Sunday, 5 September 2010

Ladies Street Costume

I have a keen interest in period costumes and to that effect bought 2 books on the subject quite some time ago. One is Reconstructing Era Fashions by Frances Grimble and the other one is 56 Authentic Turn of the century Fashion Patterns by Kristina Harris. A lot of the clothing designs I have lurking in my mind have period elements so for me is essential to learn how to do these so I can incorporate them in my own designs. One day in the future, of course!
Upon looking through the books and dribbling at the sight of gorgeous period pieces I got a bit overwhelmed and put them aside. Let's face it, they are way too complicated for the novice sewer. The instructions are practically non- existing, the patterns need to be enlarged using a grading method and the techniques used look too complicated.  One day, I thought (and still think), one day!!

Because I'm waiting for the Lady Grey sew along when the weekend arrived I was bored. I decided to look into the above mentioned books and choose an outfit and start work on it. I though to myself, why not? I can at least have a go and see how it goes. So I picked the style below ignoring the skirt for now and concentrating on the bodice. Or I should say basque.

First I had to grade the pattern.They are very small and have a huge amount of measurings printed vertically and horizontally. These were the numbers that scared my so much when I first laid eyes on them. But when reading the instructions, it's not that complicated. The vertical numbers mean actual length of the full size pattern and the horizontal are the width. All you need is a ruler a pen and paper to transfer the measurements. I had to overcome the fact it's all in inches. Hello, I'm from the continent, I don't do inches. I guess now I do! Not a problem, even getting used to them. The other problem for me is drawing curves. Definitely need to get myself a french fashion curve. The patterns include seams but do not include allowances for any buttons, collars, etc. I decided not to worry about these for now. I'll start by checking fit.

I transfered all the basque pieces and re traced them onto new paper, keeping the originals as master copies. I then progressed to cutting and marking in calico. The front has two big darts which I had to eye a bit as the pattern measurements are a bit off. There are no instructions on what to sew where but with pieces at hand and names on them it was relatively easy. Little problems of edges not matching which I will address in paper pattern. There's 2 fronts (which remain open in front to put buttons), 2 underarm gore, 2 side back and 2 backs. Nothing is cut on the fold (I think!) The author warns us that even after grading patterns up the sizes are quite small to modern standards. I thought I would get away with it as I'm quite petite but I was wrong. It is very, very small and tight.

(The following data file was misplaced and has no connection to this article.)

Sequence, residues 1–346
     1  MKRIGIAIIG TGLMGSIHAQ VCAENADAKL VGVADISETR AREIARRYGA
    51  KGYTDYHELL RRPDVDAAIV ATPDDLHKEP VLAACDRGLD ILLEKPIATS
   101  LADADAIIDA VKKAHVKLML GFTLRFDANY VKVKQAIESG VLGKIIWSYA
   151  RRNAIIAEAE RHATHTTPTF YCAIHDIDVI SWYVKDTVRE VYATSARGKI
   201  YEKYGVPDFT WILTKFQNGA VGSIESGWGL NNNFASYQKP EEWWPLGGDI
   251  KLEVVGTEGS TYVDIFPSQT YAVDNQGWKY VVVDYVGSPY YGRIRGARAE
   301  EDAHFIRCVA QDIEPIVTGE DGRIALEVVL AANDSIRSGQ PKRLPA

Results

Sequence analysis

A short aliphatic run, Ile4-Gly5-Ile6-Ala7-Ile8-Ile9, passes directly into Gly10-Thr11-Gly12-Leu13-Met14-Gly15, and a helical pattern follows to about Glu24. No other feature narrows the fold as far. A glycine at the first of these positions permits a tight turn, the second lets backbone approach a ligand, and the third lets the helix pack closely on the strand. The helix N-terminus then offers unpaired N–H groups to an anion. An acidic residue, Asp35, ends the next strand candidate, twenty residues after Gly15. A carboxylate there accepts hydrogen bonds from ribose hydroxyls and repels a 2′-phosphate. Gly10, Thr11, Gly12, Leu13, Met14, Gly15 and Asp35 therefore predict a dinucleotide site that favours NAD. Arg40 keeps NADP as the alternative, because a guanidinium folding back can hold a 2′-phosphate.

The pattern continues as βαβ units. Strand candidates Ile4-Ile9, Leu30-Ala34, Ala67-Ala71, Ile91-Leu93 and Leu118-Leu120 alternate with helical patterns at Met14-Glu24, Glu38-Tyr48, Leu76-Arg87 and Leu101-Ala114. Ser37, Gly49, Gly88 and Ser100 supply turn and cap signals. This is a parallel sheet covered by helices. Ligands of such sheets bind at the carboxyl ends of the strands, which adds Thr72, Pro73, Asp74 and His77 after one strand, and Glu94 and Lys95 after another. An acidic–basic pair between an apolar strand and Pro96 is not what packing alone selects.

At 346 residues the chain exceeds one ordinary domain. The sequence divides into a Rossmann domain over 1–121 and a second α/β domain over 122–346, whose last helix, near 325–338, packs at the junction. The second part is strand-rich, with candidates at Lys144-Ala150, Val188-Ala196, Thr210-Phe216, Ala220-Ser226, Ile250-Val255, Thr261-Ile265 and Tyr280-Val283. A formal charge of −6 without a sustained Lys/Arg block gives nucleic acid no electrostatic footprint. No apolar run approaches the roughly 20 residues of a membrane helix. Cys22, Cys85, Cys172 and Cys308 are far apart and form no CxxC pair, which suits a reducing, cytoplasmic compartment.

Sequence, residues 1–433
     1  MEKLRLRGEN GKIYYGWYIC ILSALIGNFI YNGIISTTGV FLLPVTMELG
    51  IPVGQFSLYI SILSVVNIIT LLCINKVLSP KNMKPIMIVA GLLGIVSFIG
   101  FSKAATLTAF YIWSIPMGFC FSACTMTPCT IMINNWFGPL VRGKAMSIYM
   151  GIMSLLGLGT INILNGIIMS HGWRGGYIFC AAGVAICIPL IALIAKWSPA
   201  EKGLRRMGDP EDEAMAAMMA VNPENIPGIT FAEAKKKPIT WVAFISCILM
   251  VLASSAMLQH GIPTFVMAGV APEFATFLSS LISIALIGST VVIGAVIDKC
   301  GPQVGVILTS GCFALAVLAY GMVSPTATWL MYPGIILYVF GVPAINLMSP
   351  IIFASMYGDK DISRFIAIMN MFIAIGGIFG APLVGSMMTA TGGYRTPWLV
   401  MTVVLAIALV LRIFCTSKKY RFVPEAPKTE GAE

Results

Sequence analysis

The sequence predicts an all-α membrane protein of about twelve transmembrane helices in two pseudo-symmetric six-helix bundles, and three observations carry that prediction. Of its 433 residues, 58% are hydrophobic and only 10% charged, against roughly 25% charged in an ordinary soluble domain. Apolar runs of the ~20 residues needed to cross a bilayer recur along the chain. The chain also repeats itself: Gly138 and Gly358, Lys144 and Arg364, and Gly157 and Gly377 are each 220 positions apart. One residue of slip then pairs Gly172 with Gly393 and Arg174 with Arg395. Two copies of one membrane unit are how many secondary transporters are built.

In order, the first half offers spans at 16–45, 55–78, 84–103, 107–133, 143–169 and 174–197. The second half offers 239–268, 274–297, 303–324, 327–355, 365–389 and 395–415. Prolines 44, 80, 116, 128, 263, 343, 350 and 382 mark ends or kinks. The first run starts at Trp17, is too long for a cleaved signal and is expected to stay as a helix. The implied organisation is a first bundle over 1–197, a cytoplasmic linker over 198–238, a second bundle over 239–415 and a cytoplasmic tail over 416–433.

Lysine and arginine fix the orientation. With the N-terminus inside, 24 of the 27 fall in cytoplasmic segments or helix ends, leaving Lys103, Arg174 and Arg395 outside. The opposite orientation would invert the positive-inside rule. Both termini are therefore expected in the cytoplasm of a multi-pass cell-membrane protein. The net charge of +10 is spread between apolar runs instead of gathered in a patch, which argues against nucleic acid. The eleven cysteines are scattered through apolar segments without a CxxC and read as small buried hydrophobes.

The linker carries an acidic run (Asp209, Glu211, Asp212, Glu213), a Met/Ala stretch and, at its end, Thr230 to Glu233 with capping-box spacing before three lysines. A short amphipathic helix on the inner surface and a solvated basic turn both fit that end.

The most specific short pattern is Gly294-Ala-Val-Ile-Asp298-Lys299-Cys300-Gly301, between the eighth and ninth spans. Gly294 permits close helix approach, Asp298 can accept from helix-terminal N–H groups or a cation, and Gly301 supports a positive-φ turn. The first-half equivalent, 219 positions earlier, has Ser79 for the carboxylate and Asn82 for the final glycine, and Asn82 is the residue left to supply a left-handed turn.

At this stage, you're probably looking at the sleeve. I definitely need to practice sleeves. It's way to tight and I cannot raise my arm. It's nothing to do with sizing, it's the way I gathered and set it. There's an extra bulk in the back that I don't know how it got that. To add to that, I sewed it on the wrong side. Duh!! I shall the picking that up tomorrow with my trusted seam ripper and attempt again.

Next stage is to practice putting the sleeves in :) When I'm moderately happy with it I will alter the pattern to my size and start all over again. And it might take a while!

The Lady Grey sew along is soon starting and I also have a few photoshoots in the pipeline, so work on this will be slow. I finally bought the fabric, lining and other indispensables for the sew along and should receive all middle week. I will share my fabric choices with you as soon as I get them.

Thank you for reading and feel free to leave a comment! 


  1. This is amazing. What would you call that style, Edwardian? The shape is at once both feminine and grand - I can't wait to see this take shape.

    I am going to try to make Lady Grey too, although at the moment I am terribly intimidated by the sheer number of pieces to be cut. That's before the sewing even starts!

  2. Yes, I think we can call it Edwardian. These patterns were published in late victorian era, 1890s in a magazine called, The Voice of fashion. The shape is lovely and can't wait to progress with it :)

    I have not yet seen the Lady Grey pattern so have no idea how many pieces it has. I'll try not to panic and take one piece at the time :)

    Started following your blog. Looking forward to see what you do and how you get on with the Lady Grey coat.

  3. Thanks for the follow, and the useful anti-panic advice. One.Piece.At.A.Time will be my mantra!

  4. As I was reading about the sleeve my initial thought was you might have sewn the left sleeve into the right armhole but then you mention that. Did you find the sleeve fitted okay when set in the right armhole?

    Also don't forget that when women wore these outfits they had very restrictive, size-reducing undergarments on and even with tinkering to modern sizes this is an inherent part of the design and therefore it will always come up tight and small (or it will fit around the waist and you will have shoulders broader than Superman!).
    An example of Victorian measurements (who used high bust for bust measurement):
    B32 W22 H39... B34 W24 H40.
    1930s: B32 W27 H 35 (McCall's sz 14)
    1950s: New Sizing B32 W26 1/2 H34 (McCall's sz 14)
    1960s: New Sizing B32 1/2 W24 H 34 1/2 (Butterick sz 10)
    How different is that from our average sizes today?



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